Displaying his sense of humor, the Dalai Lama began his talk Wednesday at Mayo Clinic by saying he had come for a medical checkup and for not much serious discussion. He displayed his arm where blood had been drawn earlier. (Jerry Olson/Post-Bulletin)
Displaying his sense of humor, the Dalai Lama began his talk Wednesday at Mayo Clinic by saying he had come for a medical checkup and for not much serious discussion. He displayed his arm where blood had been drawn earlier. (Jerry Olson/Post-Bulletin)
Tenzin and other Tibetans later on the very same day went to Rochester, which is almost two hours drive from Minneapolis, to see the exiled Tibetan leader His Holiness the Dalai Lama and to hear him speak.

The Dalai Lama was attending a day-long conference at Mayo Clinic's Siebens Building titled "Investigating the Mind-Body Connection: The Science and Clinical Applications of Meditation" where he also gave a talk titled "Compassion in Medicine".

Tenzin said he was again disturbed seeing many Chinese protesters, made up of mostly Chinese students studying at the University of Minnesota, outside the Mayo Clinic building, carrying Chinese flags and anti-Dalai Lama and anti-Tibetan banners.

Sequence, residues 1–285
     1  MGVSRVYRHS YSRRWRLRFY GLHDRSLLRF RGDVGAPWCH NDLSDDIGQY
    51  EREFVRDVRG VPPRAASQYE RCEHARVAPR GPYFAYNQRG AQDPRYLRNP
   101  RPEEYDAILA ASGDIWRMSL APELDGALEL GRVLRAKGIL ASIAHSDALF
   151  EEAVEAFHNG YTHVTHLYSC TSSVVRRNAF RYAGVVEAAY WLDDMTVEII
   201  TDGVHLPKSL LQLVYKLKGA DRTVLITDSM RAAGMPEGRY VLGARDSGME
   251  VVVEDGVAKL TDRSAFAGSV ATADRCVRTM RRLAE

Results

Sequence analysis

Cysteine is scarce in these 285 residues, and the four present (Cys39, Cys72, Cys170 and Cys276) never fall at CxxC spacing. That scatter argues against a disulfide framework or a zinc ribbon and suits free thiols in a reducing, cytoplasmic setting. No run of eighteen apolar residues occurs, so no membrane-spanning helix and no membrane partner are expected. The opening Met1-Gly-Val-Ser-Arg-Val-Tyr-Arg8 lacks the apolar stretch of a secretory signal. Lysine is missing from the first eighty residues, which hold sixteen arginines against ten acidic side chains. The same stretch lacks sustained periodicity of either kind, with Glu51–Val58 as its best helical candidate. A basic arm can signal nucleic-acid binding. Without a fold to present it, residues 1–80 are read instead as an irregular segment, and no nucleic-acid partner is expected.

Tenzin said he and other Tibetans expected to get a glimpse of their leader, but could not see him after waiting there for more than an hour. He blames the Chinese govt-funded protest for obstructing their chance to see the Dalai Lama.

“Well the Chinese really came into our nerves yesterday, but we all Tibetans kept our patience,” Tenzin wrote before signing off.

Meanwhile, Chinese Communist Party’s official mouth piece, Xinhua, which alone acts as the absolute source of Tibet related news in China, carried the Rochester incident story as - Chinese Americans protest against Dalai Lama's separatist activities.

The story posted on Friday goes on to say: “American Chinese and Chinese students across the United States have been voluntarily and spontaneously staging a series of peaceful protests against the Dalai Lama's separatist activities as he tours the country.”